The Texas Clipper was reefed on November 17, 2007, 17 miles off South Padre Island. The location of the site was selected because of the depth it could provide above her highest most feature and because it would offer clear water for divers most of the year. The reef site is located in federal waters in the western portion of the Gulf of Mexico. The ship was placed at a depth of 134 ft giving it a minimum depth of 62 ft.
While at anchorage in Beaumont, the ship had to undergo considerable hull modifications to ensure she met the depth clearance requirements, while also retaining as much of the ship's original external features as possible. Modifications were also made to ensure divers could make limited penetration through large openings to better provide for their safety. Once the modifications were made and all pollutes removed, the ship was towed to south Texas and eventually the reefing site in November 07.
The plan was to flood the Texas Clipper in a way to make her bottom heavy which would sink the vessel in an upright position. Unfortunately, as she sank, she filled with water in such a way as to make her port side heavier causing her to land on her port side instead of her keel. If she had stayed upright, her upper most structure would have been relatively shallow at about 50 ft. Because she is on her port side she is just a little deeper at around 62 ft. This is still shallow enough for recreational divers but just a little more disorienting than planned.
Living in Austin, Texas, the 6 hour drive to get to South Padre Island is far more manageable than the 12-13 hours needed to get to Pensacola to dive the Oriskany. The dive operator I use is American Diving. I have used this operator before and they always proven themselves to offer first class service. I had signed up for the "Tons of Steel" trip which meant we could either spend 3 dives on the Texas Clipper or 2 on the Clipper and 1 on a nearby rig. I had settled on the 2 dive option leaving one for a rig dive on the way back to shore. My reasoning was based of my experience on the USS Oriskany. Because of the depth of the Oriskany, I learned that 2 dives on the coning tower were more than enough. To really enjoy the Big "O", you need more bottom time, more depth and mixed gas. Getting ready for the Texas Clipper, I assumed that 2 dives would be enough so I wanted to make sure and utilize the 3rd dive on a rig. What I had not considered was because of the shallower depth I would be able to see more of the wreck each dive. Having now dived the Clipper, I could have happily spent all 3 dives on her remains.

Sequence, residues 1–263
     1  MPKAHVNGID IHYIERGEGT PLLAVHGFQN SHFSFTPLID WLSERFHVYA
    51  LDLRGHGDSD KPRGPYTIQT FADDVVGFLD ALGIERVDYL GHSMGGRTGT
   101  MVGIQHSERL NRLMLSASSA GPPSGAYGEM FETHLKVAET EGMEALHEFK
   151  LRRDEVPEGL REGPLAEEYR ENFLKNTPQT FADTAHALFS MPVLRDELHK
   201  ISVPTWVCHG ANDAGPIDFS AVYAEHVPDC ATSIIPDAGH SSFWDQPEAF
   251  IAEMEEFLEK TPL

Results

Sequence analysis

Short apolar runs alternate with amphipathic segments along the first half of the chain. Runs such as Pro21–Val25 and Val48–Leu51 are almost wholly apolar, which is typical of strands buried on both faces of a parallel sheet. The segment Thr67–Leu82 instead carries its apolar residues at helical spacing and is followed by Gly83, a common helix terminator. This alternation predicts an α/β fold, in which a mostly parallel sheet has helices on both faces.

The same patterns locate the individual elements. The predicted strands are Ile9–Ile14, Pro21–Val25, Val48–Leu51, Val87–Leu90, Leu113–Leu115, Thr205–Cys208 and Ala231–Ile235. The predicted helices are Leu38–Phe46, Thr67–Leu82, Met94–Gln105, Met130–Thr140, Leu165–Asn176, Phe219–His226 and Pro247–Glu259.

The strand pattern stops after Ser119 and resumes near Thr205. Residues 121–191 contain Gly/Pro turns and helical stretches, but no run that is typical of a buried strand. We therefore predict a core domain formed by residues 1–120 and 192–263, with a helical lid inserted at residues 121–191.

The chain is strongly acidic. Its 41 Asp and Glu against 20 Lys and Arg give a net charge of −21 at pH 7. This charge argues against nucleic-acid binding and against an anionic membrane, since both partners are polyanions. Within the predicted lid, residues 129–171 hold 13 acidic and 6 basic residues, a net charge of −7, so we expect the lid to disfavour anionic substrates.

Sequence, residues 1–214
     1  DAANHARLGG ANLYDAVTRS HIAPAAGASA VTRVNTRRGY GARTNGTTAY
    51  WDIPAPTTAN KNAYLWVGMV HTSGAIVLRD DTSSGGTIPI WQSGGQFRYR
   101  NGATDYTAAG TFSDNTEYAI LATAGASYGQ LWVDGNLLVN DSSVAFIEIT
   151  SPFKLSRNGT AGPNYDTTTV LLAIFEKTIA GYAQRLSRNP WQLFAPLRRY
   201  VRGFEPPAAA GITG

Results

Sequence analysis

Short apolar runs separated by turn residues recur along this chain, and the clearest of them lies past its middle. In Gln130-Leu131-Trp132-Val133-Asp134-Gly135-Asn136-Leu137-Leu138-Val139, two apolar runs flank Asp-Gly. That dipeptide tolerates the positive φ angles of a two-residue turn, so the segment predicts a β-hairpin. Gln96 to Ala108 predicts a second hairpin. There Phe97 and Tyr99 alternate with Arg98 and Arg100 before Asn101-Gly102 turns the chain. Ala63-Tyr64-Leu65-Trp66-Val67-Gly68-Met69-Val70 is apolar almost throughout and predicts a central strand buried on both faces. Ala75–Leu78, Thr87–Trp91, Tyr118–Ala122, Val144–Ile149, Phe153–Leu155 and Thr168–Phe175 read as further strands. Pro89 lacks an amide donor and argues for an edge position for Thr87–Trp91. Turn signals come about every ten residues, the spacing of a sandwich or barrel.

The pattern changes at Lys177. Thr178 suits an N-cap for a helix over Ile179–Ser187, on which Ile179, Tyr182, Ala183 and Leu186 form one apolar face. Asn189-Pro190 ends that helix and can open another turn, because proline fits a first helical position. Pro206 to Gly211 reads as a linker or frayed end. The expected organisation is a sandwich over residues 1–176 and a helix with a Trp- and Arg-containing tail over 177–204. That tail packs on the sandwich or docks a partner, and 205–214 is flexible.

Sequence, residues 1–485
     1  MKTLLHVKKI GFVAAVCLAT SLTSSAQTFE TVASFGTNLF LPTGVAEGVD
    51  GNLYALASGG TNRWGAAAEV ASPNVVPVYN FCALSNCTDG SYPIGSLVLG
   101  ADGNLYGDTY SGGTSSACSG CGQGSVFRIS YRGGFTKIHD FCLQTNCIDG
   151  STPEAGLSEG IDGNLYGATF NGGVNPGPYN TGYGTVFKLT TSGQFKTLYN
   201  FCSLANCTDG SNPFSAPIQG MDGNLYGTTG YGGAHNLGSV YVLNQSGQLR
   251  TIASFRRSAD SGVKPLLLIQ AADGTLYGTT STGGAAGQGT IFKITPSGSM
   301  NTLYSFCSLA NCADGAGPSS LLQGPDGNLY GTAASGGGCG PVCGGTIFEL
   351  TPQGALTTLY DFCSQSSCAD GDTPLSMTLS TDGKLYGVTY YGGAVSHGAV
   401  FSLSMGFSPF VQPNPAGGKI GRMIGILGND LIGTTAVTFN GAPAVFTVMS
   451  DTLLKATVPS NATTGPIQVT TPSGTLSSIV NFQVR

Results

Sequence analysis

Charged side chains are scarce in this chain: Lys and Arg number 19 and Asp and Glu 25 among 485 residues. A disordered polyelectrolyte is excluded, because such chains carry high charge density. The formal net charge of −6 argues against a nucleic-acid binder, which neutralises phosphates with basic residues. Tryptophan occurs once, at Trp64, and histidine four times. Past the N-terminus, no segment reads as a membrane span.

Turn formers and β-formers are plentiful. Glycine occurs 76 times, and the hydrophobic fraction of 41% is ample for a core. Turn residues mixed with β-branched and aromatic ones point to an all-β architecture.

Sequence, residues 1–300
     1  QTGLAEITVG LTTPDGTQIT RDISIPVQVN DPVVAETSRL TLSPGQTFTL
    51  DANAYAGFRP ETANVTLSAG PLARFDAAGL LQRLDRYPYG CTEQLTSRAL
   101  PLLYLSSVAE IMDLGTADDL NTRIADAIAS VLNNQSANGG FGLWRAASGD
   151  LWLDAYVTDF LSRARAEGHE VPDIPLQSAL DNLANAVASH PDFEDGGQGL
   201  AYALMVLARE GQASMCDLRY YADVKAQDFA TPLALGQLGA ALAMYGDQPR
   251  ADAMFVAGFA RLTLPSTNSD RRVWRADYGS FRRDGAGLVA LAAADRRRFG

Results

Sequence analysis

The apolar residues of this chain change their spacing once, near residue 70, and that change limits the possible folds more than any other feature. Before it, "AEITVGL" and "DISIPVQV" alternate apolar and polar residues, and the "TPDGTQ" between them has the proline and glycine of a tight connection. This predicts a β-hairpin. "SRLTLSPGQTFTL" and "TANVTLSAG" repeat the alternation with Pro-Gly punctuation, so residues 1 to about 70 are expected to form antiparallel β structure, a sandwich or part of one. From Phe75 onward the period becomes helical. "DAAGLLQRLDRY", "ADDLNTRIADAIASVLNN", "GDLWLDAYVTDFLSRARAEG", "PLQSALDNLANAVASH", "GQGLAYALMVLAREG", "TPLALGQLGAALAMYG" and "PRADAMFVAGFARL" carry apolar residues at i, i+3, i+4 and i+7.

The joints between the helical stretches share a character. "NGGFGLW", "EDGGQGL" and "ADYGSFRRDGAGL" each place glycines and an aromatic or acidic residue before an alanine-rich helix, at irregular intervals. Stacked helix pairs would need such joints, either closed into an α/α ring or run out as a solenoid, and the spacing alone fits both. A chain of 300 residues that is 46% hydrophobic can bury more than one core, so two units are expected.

On the way out we had relatively calm seas (2- 4 ft). Still, many on board did get seasick. The dive boat, Diver I, is 60 ft long but a little unsteady. Most divers made at least 1 if not all dives. The water was comfortable in a 3 mm wetsuit and the water temp was in the high 70s. There was one heavy thermocline down deep which did drop the temperature significantly but still manageable.